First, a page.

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The Lawful Detention of Unauthorised Aliens under the European System for the Protection of Human Rights

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This article evaluates the protections against 'arbitrary' and 'unlawful' detention aff orded to nonnationals on having entered the territory of a State party to the European Convention on Human Rights (ECHR). Focussing on Article 5 ECHR and the various permissible exceptions therein, the article examines leading decisions of the European Court of Human Rights (ECtHR) and, in so doing, illuminates and explores tensions arising from the juncture at which Contracting States' capacity to detain entry-seeking non-nationals, without criminal charge or trial, intersects with the requisites of Article 5(1)(f ) ECHR, as construed by the ECtHR. It argues that the ECtHR's interpretative standpoint regarding the 'lawful' administrative detention of 'unauthorised' non-nationals gives disproportionate preference to Contracting States' interest in managing migration flows. It also argues that in consequence States' obligations in international human rights law, the strictures of Article 5 ECHR and the credibility of the Strasbourg Court itself are enfeebled.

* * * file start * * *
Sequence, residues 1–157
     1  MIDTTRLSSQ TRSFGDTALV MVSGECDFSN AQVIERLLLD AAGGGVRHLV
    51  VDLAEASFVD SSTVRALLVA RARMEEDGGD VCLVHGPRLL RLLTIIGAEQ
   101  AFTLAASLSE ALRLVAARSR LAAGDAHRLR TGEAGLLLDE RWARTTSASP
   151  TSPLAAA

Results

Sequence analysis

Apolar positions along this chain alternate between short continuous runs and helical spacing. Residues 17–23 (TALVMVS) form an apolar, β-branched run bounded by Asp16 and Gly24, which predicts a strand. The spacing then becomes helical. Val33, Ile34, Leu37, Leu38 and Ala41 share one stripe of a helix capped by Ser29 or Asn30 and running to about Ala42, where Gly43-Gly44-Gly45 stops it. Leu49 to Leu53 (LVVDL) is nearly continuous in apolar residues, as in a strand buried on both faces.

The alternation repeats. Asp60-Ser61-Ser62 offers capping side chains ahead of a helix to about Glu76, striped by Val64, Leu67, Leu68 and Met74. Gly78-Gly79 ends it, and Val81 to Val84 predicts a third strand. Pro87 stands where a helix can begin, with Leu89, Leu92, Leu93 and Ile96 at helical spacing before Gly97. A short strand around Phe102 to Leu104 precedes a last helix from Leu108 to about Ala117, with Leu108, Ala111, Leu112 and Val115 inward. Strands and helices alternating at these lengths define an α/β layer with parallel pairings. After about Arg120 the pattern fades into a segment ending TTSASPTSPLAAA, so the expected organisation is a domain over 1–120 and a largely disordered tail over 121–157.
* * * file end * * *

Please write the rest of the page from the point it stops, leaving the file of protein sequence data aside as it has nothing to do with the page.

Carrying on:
Affiliations: 1: School of Law, Lancaster University, United Kingdom; 2: Department of Law and Criminology, Edge Hill University, United Kingdom

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/content/journals/10.1163/157181011x565559
2011-04-01
2016-12-11

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